While there is room for economic improvement nearly everywhere, first-time home shoppers may find the market approachable with good values and low mortgage rates to be had. The following are some considerations and tips as you set out to buy your first home.
Know Your Market
Markets are different across the country. What goes on in one city may differ greatly from another city. The national market information you hear about is simply a compilation of all areas. You need to examine data for your community.
A real estate agent can offer comps on homes that recently sold in neighborhoods of interest to you. You can also learn about the market by visiting Trulia and Zillow, independents sites that feature home prices, availability and trends. Understand your market and you’ll know what you can afford.
Budget and Approval
Determine how much home you can afford and learn about your borrowing options. Learn what your credit score is and review your three credit reports. If you are experiencing credit problems, fix these first. Home buyers with less than stellar credit will find it more difficult to qualify for a mortgage.
Even before you shop for a home, shop for a mortgage. Compare fixed- and variable-rate mortgages and learn if you qualify for subsidized loans. Speak with a mortgage provider and apply for mortgage approval before you start your home search. Home shoppers with advanced mortgage approval have an advantage over buyers that still must shop for a mortgage.
Home Requirements and Nice to Haves
With your eye on a specific neighborhood and your mortgage approval in hand, you’re ready to work on your home requirements. That may mean a three bedroom home with two full baths, a porch, swimming pool, and a detached garage. Maybe you have your sights on something larger, perhaps a 5 bedroom, four bath home topping out at 3,000 square feet.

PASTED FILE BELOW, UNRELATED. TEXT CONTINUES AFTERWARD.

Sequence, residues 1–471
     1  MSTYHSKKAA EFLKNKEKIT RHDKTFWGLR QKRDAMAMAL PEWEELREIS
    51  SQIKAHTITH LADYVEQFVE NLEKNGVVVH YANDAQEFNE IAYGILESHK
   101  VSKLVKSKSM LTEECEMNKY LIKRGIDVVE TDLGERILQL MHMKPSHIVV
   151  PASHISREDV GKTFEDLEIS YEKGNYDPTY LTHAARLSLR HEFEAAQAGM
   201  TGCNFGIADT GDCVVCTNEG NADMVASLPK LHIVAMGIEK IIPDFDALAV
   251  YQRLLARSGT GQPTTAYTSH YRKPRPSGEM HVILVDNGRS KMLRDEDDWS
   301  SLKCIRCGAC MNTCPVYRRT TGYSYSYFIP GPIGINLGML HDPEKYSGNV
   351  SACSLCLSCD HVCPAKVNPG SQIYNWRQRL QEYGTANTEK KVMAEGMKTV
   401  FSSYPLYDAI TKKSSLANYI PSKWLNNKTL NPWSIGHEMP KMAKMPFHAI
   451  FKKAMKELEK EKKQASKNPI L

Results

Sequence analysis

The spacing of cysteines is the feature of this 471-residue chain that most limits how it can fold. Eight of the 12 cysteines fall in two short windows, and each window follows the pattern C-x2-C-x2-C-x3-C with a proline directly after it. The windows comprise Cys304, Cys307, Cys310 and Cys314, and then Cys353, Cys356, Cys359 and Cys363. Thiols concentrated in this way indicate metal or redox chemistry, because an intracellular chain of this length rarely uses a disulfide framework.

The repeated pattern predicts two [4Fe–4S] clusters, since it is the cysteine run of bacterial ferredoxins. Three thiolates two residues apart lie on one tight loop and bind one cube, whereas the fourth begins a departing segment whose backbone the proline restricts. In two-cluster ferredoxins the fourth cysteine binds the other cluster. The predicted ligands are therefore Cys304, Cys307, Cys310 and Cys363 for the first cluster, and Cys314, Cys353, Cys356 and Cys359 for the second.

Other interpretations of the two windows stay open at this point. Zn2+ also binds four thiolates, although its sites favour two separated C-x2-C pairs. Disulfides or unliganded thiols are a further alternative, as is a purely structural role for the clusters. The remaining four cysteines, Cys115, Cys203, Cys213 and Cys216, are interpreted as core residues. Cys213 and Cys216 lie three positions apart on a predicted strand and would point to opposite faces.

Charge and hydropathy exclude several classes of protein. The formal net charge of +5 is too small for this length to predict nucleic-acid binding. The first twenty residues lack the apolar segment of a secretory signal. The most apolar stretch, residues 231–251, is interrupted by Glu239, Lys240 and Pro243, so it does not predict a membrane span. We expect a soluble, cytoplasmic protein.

Buying your first home means quickly realizing what you can afford and what the market offers. There may be a huge difference between the two. Thus, your expectations must be managed. It is at this time that some first time homeowners are shocked and even discouraged when they learn what they can really afford.
Looking Beyond the First
Your first home is just that: your first home. Likely, you won’t be spending the next 30 to 40 years in it even if your mortgage is for that period. Most people buy a home, stay in it for a few years, then move. Consider that your first home is a steppingstone to your next home.
Then again, you may love your home, your neighborhood and your community. Instead of moving, you may find yourself expanding your home to accommodate your changing needs including your growing family. Consider whether the starter home you are buying can later be expanded. Talk with an architect to get some ideas.
First Home Considerations
No matter what home you choose, there are other points to consider including: property taxes, homeowners association dues (if any), insurance, money for repairs and maintenance. Keep these points in mind and you’ll have a good idea for what home you can afford.
See Also — Advice for First-Time Home Renovators